Remington has made their intentions to stay in the state of New York clear in a recent meeting with state lawmakers, in spite of the passage of the SAFE act, the highly controversial gun control package that has already started to come undone.
Dozens and dozens of companies have boycotted New York law enforcement in protest of the passage of these gun laws, and a handful of companies across the U.S. have either relocated to other states due to the passage of increased gun control in their state or have expressed interest in relocating.
Remington is taking the opposite tack, and is going forward with plans for a $20 million upgrade to their manufacturing facility in Ilion, New York. They are doing so to fulfill a 10-year contract with the military to supply SOCOM with 5,000 Remington MSR sniper rifles. The contract is worth $79.7 million for the rifles as well as Advanced Armament Corp. Titan QD suppressors and 4,696,800 rounds of ammo.
The state of New York has granted Remington millions of dollars over the years to upgrade and renovate their Illion facilities, almost $6 million just recently.
“In 2010, Empire State Development, the agency that works with private companies to attract and retain jobs, announced $2.5 million in grants and subsidies to help Remington bring its Marlin lever-action gun production from Connecticut to Ilion and add 100 jobs. That followed two grants in 2009 worth $3 million for renovations and machinery.
“In early 2011, Bushmaster Firearms moved manufacturing operations from Windham, Maine, to Ilion, where Remington now makes Bushmaster guns. No state money was used in that transfer, which brought more than 40 jobs.”
Whether the state will continue to support and subsidize Remington and other Freedom Group gun manufacturers is another issue entirely. But for at least the next decade, Remington will remain at their Ilion home, where they employ about 1,200 people, in order to supply the military with rifles uninterrupted.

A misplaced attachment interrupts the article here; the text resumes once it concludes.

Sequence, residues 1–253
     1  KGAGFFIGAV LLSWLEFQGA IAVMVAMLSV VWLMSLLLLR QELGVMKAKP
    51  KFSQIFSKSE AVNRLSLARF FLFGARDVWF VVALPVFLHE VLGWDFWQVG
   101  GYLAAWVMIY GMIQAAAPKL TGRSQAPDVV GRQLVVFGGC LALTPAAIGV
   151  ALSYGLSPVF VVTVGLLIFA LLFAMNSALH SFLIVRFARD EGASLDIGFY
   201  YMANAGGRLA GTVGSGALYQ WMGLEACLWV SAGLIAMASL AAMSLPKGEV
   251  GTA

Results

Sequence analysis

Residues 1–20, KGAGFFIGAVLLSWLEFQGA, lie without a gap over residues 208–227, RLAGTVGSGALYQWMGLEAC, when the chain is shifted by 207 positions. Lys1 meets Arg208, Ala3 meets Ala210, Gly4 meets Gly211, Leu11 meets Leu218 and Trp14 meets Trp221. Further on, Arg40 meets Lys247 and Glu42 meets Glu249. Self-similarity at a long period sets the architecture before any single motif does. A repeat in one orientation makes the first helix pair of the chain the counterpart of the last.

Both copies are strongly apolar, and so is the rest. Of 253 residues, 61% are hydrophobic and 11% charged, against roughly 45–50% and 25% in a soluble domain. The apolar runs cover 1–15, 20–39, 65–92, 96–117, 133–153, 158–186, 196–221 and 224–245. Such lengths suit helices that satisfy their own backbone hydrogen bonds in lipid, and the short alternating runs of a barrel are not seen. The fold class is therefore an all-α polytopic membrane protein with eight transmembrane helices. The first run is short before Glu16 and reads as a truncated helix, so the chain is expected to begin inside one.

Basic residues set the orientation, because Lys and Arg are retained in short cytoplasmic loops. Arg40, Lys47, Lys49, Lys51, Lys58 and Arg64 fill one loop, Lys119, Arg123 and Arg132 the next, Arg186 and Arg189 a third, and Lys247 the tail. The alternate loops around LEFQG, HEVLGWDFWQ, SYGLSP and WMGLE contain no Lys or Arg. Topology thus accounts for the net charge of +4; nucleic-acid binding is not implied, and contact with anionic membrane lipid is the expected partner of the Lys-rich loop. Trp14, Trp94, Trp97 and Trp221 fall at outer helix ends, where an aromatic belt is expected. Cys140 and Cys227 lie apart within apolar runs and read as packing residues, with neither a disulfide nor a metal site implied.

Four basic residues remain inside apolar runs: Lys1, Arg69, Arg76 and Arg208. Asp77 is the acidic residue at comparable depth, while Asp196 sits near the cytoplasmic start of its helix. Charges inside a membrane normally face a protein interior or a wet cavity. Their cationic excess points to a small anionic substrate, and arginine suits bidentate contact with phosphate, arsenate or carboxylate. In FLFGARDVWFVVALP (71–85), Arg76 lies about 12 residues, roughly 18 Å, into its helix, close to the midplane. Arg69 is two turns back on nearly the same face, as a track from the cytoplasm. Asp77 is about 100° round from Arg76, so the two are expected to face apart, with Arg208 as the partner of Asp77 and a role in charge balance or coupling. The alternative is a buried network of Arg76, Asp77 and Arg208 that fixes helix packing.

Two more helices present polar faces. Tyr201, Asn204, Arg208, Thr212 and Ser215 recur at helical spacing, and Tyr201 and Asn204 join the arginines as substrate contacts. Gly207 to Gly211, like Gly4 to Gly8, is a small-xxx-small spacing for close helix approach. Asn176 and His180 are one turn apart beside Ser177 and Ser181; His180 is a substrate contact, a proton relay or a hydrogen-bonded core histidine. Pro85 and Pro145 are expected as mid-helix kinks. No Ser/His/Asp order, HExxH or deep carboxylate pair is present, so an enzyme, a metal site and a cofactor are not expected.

While the loss of future state income is no trivial amount, the real question is whether or not their reputation with the general public will remain intact.
When even small companies are being hailed for refusing to serve states with strict gun control laws, it’s hard to imagine a company standing to gain from the consumer market by making stronger ties with the same states.
In just one year following their decision to voluntarily comply with the Clinton administration’s gun safety program, Smith & Wesson went nearly bankrupt and was forced to shut down multiple manufacturing facilities thanks to a boycotting public.
Remington has government contracts and New York subsidies to keep their lights on, but if this decision to stay in Illion is poorly-received by the private gun owner, they might go the way of Smith.
Still, it is a bit different for Remington. They may have plans to fight New York gun control laws even as they accept cash from the state and pay taxes to it. There are a lot of people who depend on Remington, both outside and inside the uniform. The question is whether or not that’s enough.
Will you do business with Remington following this announcement? What about other Freedom Group companies?